A lively crowd of eighteen gathered for October's Whodunit Book Club meeting and we were all pleased to welcome a couple of new members, Holly and Marian.
Pam posed the questions: "What did you think of last month's meeting with guest author Pamela Callow?" and "What is on your 'to read' list right now that you are excited about?"
The general consensus was that everyone greatly enjoyed Pamela Callow's visit to club.
We enjoyed her gracious and accommodating attitude and appreciated hearing a little first hand knowledge about book publishing from an author who is experiencing the process for the first time.
Many reading suggestions were garnered from listening to members share what their next read would be.
This months book for discussion was Henning Mankell's first Kurt Wallander mystery, "Faceless Killers".
Henning Mankell became interested in writing at an early age and is a prolific author who has written plays, novels, and even children's books. He is an award winner. His novel "Sidetracked" won the Gold Daggar in 2001. He has sold 35 million copies of his works and those works have been translated into 41 languages! In 2008 Mankell was the 9th best-selling author in the world!
Mankell divides his time between Moçambique and Sweden and he has commented that he has one foot in the snow and one foot in the sand.
Interesting to note was that he chose the name Wallander for his detective by getting his name out of the phone book.
Wallander is a bizarre sort of anti-hero. Mankell confesses that he is not sure that Wallander and he would be friends in real life as he doesn't like him very much.
Described by the Whodunit members as pathetic, solitary, forgetful, dysfunctional, disorganized, irresponsible, sorry for himself and too dependent on alcohol, it is no wonder that Mankell feels this way.
The novel "Faceless Killers" had a chilling beginning. The Swedish winter weather was cold and bleak and the horrific crime was disturbing. In Faceless Killers, an elderly couple are murdered on an isolated farm after being brutally tortured and the woman's final word 'foreign' unleashed a ferociously anti-refugee sentiment in Ystad. Most members enjoyed the first 1/3 to 1/2 of the novel. The victims had an interesting double-life and the references to the noose that were scattered throughout the novel intrigued the readers. However, many were disappointed in the ending and felt cheated. The noose references turned out to be 'red herrings' and the solution to the crime seems almost an appendix to the story rather that a true conclusion due to the fact that the author revealed crucial information only at the last minute... The crime was motivated by greed and was perpetrated by criminals with sociopathic tendencies.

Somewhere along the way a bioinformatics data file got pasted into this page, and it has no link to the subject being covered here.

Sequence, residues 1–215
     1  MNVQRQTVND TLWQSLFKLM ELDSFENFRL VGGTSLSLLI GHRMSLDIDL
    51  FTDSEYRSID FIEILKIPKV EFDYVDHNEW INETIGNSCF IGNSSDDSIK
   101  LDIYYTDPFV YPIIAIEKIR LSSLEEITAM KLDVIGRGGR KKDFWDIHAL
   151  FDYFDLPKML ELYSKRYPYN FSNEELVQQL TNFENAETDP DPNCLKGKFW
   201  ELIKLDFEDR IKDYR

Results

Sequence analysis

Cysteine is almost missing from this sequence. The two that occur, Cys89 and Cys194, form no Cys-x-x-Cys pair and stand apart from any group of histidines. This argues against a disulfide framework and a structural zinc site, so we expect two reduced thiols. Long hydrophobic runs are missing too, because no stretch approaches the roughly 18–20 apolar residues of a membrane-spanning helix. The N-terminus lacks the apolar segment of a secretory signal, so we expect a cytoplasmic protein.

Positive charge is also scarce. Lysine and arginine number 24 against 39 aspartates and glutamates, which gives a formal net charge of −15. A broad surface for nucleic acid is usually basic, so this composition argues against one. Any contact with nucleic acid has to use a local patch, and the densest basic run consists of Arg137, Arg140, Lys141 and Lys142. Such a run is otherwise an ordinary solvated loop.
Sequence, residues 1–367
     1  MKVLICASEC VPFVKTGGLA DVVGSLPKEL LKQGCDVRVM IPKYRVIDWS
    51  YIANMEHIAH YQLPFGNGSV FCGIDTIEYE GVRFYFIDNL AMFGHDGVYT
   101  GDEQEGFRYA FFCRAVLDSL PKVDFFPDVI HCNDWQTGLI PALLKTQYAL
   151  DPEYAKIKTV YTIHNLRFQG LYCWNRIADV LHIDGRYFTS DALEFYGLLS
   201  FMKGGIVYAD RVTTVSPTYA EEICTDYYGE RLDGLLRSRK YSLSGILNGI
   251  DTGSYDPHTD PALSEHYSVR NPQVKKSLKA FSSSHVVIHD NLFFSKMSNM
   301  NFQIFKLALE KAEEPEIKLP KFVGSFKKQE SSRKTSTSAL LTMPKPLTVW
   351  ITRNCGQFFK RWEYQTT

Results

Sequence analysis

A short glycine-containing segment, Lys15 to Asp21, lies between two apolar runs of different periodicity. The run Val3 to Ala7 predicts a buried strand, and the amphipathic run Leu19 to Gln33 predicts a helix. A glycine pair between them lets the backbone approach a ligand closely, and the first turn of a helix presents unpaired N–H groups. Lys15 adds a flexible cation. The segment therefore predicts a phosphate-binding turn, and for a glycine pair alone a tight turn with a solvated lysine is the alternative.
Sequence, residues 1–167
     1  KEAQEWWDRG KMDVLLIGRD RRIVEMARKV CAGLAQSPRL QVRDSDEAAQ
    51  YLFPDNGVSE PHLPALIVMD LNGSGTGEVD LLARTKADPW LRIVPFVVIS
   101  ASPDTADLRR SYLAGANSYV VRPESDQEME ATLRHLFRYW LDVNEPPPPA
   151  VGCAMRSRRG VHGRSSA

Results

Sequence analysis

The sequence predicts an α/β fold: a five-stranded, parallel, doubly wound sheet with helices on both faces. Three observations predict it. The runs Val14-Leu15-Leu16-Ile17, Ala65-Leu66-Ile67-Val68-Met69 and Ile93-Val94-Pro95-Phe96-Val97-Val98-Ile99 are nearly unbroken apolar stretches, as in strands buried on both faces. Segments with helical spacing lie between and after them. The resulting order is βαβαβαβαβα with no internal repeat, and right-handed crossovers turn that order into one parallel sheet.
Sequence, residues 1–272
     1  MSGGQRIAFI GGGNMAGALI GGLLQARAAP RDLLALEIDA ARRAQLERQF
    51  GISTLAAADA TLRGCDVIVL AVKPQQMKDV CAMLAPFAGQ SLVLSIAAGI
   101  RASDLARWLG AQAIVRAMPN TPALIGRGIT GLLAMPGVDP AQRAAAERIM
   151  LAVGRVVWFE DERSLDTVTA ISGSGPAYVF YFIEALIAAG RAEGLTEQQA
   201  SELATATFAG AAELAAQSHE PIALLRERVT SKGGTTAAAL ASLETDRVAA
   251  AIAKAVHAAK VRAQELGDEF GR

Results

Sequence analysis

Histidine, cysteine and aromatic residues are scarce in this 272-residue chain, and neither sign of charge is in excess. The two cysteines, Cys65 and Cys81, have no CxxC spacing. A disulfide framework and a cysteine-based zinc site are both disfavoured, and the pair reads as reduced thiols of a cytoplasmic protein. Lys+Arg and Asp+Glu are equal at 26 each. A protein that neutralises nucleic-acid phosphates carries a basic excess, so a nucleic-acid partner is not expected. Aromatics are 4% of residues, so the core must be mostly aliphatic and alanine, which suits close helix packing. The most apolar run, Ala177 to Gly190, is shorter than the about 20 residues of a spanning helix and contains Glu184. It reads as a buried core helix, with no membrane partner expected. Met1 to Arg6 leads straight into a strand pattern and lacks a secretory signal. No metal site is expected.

It was noted that the novel seemed almost farcical at times. The Swedish police force seemed to have myriad outstanding resources at their disposal, but the workforce seemed provincial in their behaviour.
I came away from the meeting not really knowing if the members would continue reading other books in the series. Sometimes the first novel of a series is not the author's best work, and there must be a reason why Mankell has sold 35 million copies...
I very much enjoyed the PBS Mystery rendition of "Faceless Killers". In fact I think I enjoyed it much more than the book and discovered that others agreed. Wallander was expertly portrayed by Kenneth Branagh. Anyone who has not yet seen the Wallander mysteries on PBS are in for a treat. Kenneth Branagh a self-confessed voracious reader, had just finished reading nine Mankell titles when he met Mankell in a bathroom at a reception honouring Ingmar Bergman, Henning's late father-in-law.
Click here for a link to a Sunday Times article on Henning Mankell's thoughts on Kenneth Branagh's portrayal of Wallander.
Also, here is a link describing Branagh's win of the 2010 BAFTA for Leading Actor for his portrayal of Wallander.
There were six book giveaways this month. The lucky winners were:
Regis, Marian, Camilla, Tracy, Marilyn and Marlene.